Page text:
Wild sheep live in hilly terrain, often at the foot of steep rocky slopes up which they can clamber at the first sign of predators. Goats, however, take the different approach of living at the top of those slopes. This has both pros and cons. On the plus side, there are less predators in such difficult terrain, and it's often easier to spot them coming when they do venture that high. On the negative, aside from the need to be very sure-footed (which, of course, goats are), there's usually not a lot to eat on a rocky cliff face. As a result, goats are fairly indiscriminate feeders, eating whatever they happen to come across. That's mainly grass, and goats are considered grazing animals, as sheep are, but they'll certainly tuck into any bushes or shrubs that they find, even if they're so thorny that other animals wouldn't make the effort.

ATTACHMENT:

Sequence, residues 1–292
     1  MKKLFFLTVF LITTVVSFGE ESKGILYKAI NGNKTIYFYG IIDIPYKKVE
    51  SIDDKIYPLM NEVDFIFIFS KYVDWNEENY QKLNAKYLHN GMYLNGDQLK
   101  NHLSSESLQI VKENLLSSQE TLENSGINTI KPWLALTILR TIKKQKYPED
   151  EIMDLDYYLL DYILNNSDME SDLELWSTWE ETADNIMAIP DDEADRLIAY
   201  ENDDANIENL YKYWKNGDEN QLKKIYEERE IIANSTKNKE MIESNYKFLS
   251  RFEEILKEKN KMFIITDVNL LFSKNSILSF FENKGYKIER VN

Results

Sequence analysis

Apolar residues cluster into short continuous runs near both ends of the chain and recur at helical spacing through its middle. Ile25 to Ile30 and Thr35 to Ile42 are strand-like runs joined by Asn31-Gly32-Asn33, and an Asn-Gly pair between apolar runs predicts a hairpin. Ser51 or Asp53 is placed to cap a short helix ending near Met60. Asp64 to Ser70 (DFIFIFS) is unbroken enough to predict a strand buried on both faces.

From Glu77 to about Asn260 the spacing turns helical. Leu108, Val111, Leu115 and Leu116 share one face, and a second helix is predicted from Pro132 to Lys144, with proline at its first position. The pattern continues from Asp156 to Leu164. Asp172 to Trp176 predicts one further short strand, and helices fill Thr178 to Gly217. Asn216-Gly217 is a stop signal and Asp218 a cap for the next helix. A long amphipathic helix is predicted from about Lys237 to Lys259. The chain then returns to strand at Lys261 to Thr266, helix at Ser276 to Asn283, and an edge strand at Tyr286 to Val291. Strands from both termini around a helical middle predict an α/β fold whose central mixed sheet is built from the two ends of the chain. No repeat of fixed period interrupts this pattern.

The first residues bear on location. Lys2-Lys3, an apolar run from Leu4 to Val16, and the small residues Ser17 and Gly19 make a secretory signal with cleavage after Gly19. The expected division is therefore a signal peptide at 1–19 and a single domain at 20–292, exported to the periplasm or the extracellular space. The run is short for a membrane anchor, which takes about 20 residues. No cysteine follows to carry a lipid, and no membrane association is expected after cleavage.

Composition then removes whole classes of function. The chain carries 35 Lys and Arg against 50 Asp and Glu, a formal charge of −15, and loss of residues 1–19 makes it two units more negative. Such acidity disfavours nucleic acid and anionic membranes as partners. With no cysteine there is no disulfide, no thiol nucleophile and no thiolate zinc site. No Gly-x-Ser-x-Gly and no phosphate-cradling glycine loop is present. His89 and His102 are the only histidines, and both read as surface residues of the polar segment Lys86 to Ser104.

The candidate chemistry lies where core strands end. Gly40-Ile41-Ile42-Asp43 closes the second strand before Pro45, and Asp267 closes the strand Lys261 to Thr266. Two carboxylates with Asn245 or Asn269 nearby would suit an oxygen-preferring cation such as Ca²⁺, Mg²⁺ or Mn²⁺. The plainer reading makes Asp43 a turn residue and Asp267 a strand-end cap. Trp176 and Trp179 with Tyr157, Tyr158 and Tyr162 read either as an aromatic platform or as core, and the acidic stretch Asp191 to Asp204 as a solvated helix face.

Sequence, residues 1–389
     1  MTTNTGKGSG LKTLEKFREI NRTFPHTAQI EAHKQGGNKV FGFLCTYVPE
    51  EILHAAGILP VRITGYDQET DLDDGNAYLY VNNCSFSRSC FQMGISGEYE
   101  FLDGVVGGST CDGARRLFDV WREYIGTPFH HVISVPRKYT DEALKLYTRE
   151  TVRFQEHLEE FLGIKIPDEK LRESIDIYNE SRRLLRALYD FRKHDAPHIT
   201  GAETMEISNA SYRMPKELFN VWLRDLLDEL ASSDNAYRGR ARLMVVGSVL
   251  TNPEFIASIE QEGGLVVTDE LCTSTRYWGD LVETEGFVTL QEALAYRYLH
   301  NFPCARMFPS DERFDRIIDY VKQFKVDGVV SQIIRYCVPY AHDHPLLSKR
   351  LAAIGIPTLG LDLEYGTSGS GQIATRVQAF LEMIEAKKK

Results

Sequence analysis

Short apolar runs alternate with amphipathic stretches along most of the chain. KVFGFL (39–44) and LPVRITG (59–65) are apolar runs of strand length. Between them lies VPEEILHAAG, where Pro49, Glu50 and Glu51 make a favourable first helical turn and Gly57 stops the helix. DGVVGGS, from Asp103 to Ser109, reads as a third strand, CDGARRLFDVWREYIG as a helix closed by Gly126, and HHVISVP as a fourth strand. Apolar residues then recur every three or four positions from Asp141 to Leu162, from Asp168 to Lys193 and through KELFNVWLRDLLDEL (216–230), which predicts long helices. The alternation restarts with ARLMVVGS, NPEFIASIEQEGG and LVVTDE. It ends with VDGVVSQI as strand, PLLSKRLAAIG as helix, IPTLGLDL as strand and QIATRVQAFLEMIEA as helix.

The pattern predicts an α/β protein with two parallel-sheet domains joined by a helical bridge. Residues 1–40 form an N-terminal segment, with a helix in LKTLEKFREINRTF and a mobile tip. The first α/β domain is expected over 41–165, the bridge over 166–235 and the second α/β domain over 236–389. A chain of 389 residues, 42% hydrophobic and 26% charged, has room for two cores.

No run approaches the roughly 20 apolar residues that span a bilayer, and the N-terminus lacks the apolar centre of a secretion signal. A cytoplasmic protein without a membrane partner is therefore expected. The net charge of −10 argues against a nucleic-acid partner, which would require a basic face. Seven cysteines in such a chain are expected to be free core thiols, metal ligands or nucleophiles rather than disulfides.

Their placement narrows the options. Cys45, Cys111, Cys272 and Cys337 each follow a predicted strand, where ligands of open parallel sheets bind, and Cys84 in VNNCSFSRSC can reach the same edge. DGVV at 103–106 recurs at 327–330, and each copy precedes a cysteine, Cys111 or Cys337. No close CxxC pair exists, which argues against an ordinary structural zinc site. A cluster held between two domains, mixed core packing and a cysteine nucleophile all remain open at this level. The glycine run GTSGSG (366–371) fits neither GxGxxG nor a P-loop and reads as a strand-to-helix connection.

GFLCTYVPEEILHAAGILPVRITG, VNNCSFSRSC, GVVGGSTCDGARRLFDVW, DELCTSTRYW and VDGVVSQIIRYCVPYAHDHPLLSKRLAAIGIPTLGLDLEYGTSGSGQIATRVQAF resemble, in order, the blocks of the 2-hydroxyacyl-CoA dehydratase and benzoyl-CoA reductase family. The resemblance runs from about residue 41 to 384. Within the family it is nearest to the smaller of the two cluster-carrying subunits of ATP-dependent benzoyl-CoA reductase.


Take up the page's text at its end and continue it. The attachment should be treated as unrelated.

Indeed, wild goats spend something like two thirds of their time on rocky cliffs and ledges, interspersed with visits to grassy slopes and scattered mountain woodlands. Across much of their range, they live between 1000 and 2500 metres elevation (3300 to 8200 feet) and in a part of the world that's pretty arid to start with. Having said that, they will move lower if it gets very snowy in winter, and they're often found in surprisingly accessible valleys, so long as they're away from human inhabited towns or farmland. In the latter case, this may be as much because humans have largely killed off the local wolves as for any other reason - they may have been more cautious in the past.